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22 Dec 2017

India-China border talks and war: Here is how it all began

After his talks with prime minister Jawaharlal Nehru i 1960 failed to resolve differences, Chinese premier Zhou Enlai held a late night press conference in New Delhi.(REUTERS FILE)
Sutirtho Patranobis, HT, , Beijing, 21 December 2017: Dozens of rounds of talks on the border have preceded the one that Indian and Chinese diplomats will hold in New Delhi on Friday under the special representatives (SR) mechanism.

Possibly the first formal discussion on the boundary was held between Chinese premier Zhou Enlai and India’s first prime minister Jawaharlal Nehru over a week in April, 1960, in New Delhi.  

Late on the night of April 25, Zhou held a press conference in New Delhi after capping nearly a week of discussions with Nehru on the boundary question.

The talks had failed to resolve differences. The conclusion instead was that India and China should start negotiating on the border and clarify their respective positions with evidence and historical documents.

Several Indian and foreign journalists were present at the unusually late night press conference that lasted from 10:45 pm to 1 am.

Zhou took several questions on the boundary dispute, which had emerged as a key point in the increasingly tense ties between the two neighbours.  

Earlier in the day, a joint communique had been released on the discussions between Nehru and Zhou.

“The two PMs explained fully their respective stands on the problems affecting the border areas. This led to a greater understanding of the views of the two governments, but the talks did not result in resolving the differences that had arisen,” the communique said.

“The two PMs, therefore, agreed that officials of the two governments should meet and examine, check and study all historical documents, records, accounts, maps and other material relevant to the boundary question, which each side relied upon in support of its stand, and draw up a report for submission to the two governments,” it added.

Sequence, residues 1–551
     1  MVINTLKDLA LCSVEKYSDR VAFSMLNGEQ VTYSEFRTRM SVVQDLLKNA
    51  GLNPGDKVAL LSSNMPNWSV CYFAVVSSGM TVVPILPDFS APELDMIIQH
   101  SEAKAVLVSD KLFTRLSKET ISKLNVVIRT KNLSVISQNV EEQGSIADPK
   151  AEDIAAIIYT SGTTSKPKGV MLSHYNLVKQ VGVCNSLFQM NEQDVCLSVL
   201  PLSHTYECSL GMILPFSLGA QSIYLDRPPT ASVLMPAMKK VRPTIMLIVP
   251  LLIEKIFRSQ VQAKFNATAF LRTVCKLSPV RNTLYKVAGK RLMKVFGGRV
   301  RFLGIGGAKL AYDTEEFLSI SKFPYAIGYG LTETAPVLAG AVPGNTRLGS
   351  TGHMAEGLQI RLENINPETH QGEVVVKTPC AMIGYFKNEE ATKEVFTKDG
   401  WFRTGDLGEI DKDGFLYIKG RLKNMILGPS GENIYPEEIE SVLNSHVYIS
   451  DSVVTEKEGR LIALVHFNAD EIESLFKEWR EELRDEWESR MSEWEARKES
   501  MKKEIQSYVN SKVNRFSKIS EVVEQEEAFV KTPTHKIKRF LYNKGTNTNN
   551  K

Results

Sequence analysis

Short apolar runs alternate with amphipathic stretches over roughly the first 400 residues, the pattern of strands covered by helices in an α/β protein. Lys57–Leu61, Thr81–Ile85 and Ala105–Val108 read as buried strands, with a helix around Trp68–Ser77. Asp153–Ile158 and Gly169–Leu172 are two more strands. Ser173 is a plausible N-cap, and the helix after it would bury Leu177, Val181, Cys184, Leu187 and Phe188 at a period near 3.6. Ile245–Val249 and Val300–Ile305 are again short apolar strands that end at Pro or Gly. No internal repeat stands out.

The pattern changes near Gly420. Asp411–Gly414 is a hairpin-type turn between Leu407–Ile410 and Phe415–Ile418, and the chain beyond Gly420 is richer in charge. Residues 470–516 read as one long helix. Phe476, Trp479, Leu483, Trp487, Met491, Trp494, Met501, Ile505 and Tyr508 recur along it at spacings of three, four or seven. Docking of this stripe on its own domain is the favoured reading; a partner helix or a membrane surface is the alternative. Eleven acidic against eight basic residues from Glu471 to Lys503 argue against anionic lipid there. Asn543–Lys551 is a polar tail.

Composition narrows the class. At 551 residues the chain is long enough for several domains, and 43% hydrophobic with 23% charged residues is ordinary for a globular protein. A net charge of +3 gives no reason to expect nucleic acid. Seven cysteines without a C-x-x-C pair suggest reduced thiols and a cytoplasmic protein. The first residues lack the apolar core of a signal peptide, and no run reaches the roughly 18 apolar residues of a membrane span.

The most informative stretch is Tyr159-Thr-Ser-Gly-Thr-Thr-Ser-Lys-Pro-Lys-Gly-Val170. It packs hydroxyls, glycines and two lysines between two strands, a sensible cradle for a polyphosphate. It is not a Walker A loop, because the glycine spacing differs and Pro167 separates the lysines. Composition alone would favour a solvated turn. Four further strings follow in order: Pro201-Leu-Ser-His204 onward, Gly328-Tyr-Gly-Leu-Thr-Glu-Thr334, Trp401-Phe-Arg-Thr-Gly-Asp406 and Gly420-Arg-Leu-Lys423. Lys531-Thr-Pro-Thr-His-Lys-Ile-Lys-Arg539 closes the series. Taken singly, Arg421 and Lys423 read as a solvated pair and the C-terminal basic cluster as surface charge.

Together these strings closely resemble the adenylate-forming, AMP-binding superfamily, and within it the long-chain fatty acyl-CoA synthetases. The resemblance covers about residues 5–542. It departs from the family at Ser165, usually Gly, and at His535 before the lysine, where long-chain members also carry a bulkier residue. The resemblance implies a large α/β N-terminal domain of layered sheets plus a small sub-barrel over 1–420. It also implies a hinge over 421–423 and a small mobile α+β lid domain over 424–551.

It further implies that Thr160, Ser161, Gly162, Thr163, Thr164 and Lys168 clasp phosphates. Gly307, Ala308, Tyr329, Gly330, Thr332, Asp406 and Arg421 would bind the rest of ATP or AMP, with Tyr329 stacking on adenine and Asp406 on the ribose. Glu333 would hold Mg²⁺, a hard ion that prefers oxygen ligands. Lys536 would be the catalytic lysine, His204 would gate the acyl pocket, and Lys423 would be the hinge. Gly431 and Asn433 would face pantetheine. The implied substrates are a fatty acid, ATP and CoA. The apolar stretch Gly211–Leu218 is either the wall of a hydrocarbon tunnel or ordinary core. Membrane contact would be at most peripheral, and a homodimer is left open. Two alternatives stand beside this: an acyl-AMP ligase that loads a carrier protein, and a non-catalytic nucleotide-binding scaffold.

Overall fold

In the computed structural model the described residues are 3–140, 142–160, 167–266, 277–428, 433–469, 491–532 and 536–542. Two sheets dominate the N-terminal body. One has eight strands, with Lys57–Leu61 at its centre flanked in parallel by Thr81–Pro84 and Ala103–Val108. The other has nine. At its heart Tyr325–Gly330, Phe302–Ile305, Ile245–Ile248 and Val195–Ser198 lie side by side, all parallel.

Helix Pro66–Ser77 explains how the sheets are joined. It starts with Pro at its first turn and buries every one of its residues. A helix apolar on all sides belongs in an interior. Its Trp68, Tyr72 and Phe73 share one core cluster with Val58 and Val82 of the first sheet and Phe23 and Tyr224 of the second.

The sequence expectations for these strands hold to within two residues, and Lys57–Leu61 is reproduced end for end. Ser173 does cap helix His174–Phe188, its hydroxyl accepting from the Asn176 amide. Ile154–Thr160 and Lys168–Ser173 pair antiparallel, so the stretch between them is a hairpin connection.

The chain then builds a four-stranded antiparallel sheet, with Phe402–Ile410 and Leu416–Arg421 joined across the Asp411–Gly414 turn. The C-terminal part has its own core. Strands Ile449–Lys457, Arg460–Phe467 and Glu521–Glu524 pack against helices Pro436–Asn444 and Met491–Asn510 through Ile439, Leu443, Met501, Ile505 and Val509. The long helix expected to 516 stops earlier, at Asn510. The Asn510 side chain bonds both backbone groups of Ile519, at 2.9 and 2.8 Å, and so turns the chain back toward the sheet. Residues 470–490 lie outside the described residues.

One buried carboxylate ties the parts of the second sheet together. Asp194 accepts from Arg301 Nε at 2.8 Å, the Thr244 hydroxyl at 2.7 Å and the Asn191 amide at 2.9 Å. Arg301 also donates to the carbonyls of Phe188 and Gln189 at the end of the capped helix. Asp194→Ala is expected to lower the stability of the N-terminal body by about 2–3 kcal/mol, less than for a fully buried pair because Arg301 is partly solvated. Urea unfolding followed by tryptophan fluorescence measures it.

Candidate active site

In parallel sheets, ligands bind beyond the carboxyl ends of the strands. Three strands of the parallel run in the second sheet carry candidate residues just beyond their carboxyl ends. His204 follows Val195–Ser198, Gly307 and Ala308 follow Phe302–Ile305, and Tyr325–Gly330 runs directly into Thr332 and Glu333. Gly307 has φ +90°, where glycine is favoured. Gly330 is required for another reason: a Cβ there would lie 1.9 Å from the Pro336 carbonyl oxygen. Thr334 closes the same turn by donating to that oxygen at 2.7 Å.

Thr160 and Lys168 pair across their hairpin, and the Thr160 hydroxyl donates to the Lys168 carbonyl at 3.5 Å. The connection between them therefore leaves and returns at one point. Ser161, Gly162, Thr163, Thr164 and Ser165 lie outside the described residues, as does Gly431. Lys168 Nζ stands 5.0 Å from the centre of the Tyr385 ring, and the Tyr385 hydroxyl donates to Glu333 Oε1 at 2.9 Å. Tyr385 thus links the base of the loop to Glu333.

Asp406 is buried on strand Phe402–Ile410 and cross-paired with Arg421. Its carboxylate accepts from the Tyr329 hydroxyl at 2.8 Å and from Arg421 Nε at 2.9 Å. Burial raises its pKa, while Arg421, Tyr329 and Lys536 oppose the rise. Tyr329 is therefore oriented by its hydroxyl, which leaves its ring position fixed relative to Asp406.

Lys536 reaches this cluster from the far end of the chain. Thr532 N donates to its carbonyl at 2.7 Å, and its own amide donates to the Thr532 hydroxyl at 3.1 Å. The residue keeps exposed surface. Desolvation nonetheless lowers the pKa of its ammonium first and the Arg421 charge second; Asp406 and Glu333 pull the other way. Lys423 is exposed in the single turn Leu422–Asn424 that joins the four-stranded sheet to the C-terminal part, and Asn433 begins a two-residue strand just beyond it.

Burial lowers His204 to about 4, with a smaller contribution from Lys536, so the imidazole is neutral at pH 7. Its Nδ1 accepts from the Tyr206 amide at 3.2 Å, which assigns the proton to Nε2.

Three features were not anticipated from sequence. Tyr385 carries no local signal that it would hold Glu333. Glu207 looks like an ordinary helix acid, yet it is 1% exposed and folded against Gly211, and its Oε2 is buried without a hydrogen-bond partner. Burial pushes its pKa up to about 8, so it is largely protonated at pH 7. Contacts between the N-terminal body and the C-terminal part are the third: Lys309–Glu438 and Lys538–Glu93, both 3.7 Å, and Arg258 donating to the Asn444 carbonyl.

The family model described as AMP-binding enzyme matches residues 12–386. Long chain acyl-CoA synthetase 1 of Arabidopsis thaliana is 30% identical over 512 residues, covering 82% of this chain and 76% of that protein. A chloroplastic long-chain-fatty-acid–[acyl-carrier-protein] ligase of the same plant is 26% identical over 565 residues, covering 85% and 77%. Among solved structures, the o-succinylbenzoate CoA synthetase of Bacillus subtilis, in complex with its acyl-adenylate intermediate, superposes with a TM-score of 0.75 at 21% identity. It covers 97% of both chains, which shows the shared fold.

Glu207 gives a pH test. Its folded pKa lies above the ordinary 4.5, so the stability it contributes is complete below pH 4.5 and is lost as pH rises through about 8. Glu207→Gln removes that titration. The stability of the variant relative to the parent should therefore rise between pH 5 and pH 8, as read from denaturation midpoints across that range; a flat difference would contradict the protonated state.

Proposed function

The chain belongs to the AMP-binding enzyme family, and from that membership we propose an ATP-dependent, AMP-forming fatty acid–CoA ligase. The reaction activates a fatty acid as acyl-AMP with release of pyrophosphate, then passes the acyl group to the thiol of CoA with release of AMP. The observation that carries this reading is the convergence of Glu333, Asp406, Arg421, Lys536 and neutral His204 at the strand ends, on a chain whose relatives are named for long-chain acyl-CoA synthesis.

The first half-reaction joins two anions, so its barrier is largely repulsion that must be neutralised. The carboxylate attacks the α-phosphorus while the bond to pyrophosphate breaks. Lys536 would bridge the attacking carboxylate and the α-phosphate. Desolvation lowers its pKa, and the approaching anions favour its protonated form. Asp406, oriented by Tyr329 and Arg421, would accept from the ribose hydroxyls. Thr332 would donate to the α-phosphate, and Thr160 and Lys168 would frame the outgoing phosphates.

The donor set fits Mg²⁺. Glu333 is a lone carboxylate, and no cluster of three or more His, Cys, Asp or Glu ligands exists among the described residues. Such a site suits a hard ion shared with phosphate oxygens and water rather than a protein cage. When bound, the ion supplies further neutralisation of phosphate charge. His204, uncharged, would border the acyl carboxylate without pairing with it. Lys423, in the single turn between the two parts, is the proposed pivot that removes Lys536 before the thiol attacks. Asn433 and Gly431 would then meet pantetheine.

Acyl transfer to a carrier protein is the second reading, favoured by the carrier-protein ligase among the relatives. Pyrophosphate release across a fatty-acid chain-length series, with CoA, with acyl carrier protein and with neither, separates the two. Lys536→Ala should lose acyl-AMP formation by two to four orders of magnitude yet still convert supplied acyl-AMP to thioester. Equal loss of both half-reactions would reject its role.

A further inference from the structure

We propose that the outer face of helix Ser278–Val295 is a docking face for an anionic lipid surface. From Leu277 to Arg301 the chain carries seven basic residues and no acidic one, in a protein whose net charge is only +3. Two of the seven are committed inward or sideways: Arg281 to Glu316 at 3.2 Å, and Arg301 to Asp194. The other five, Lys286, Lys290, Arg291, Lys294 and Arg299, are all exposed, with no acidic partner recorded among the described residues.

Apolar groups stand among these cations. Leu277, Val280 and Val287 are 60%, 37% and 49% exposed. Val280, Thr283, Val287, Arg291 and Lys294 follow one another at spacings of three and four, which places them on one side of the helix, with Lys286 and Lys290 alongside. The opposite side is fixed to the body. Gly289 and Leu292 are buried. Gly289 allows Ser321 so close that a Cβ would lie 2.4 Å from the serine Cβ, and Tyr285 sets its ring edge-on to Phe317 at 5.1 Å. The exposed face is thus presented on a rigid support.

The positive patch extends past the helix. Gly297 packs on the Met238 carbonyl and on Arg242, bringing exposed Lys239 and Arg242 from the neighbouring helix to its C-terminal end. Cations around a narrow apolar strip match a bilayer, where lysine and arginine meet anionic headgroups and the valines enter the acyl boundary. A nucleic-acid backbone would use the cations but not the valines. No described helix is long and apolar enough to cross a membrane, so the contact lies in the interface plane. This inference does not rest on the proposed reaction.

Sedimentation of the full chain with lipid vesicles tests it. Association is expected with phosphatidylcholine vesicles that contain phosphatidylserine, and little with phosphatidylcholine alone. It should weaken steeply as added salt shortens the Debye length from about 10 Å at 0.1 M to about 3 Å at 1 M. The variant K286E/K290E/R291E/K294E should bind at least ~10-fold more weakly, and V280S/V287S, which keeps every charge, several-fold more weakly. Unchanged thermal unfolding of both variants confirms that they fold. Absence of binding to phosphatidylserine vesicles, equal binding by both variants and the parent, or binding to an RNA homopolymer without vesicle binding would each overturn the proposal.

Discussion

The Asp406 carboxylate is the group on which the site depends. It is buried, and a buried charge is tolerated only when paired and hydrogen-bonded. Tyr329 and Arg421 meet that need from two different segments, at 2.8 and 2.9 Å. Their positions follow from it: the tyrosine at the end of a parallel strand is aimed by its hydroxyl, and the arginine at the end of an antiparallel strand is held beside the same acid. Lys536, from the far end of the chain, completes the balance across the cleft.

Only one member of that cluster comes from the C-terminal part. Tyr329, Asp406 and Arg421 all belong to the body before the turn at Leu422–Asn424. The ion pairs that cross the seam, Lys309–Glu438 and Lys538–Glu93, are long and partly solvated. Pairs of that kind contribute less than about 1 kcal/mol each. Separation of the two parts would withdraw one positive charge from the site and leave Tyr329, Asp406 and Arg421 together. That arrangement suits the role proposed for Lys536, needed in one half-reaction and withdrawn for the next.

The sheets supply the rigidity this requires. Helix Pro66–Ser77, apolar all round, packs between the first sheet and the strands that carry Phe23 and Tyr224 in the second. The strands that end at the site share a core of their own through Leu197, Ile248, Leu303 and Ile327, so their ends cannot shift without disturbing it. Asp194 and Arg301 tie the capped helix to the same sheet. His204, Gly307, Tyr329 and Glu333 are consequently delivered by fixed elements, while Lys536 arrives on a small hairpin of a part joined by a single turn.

Two more rounds of discussions were held in 1960, one in Beijing and one more in then Rangoon in present-day Myanmar.

The discussions produced voluminous reports which experts from both countries were poring over when in late in 1962, war broke out, stalling any opportunity for formal talks on the border for nearly two decades.

When Zhou flew out of New Delhi on April 26, 1960, he was the last senior Chinese official to do so – till 1981.

Hopes for formal talks were rekindled when Chinese foreign minister Huang Hua visited New Delhi in June, 1981 and met then prime minister Indira Gandhi.

The first round took place in Beijing in December.

“The two sides expressed common aspirations for the settlement of the Chinese-Indian border problem and the development of relations between the two countries and reached identical views on procedural matters,'' official news agency Xinhua said in a report on the talks.

Seven more rounds of talks were held between 1981and 1987.

The border negotiations got a boost after then prime minister Rajiv Gandhi’s visit to China in 1988.

Following his visit, talks resumed under the newly formed joint working group (JWG) mechanism.

As many as 15 rounds of negotiations were held under the JWG mechanism between 1988 and 2003.

The talks were rebooted to the current special representative (SR) mechanism in 2003 after prime minister AB Vajpayee’s China visit.

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